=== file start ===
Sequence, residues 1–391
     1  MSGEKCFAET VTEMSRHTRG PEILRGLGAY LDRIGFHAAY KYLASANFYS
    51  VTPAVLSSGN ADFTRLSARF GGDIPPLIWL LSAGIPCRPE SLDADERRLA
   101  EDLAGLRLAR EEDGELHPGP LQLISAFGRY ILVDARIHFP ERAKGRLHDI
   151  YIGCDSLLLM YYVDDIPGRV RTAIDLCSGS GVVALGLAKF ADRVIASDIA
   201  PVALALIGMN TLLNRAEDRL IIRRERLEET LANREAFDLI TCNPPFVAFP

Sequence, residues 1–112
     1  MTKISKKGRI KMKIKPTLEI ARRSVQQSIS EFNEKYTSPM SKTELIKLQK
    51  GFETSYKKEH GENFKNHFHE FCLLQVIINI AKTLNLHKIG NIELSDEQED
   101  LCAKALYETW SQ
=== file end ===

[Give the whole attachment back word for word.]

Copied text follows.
Sequence, residues 1–391
     1  MSGEKCFAET VTEMSRHTRG PEILRGLGAY LDRIGFHAAY KYLASANFYS
    51  VTPAVLSSGN ADFTRLSARF GGDIPPLIWL LSAGIPCRPE SLDADERRLA
   101  EDLAGLRLAR EEDGELHPGP LQLISAFGRY ILVDARIHFP ERAKGRLHDI
   151  YIGCDSLLLM YYVDDIPGRV RTAIDLCSGS GVVALGLAKF ADRVIASDIA
   201  PVALALIGMN TLLNRAEDRL IIRRERLEET LANREAFDLI TCNPPFVAFP

Sequence, residues 1–112
     1  MTKISKKGRI KMKIKPTLEI ARRSVQQSIS EFNEKYTSPM SKTELIKLQK
    51  GFETSYKKEH GENFKNHFHE FCLLQVIINI AKTLNLHKIG NIELSDEQED
   101  LCAKALYETW SQ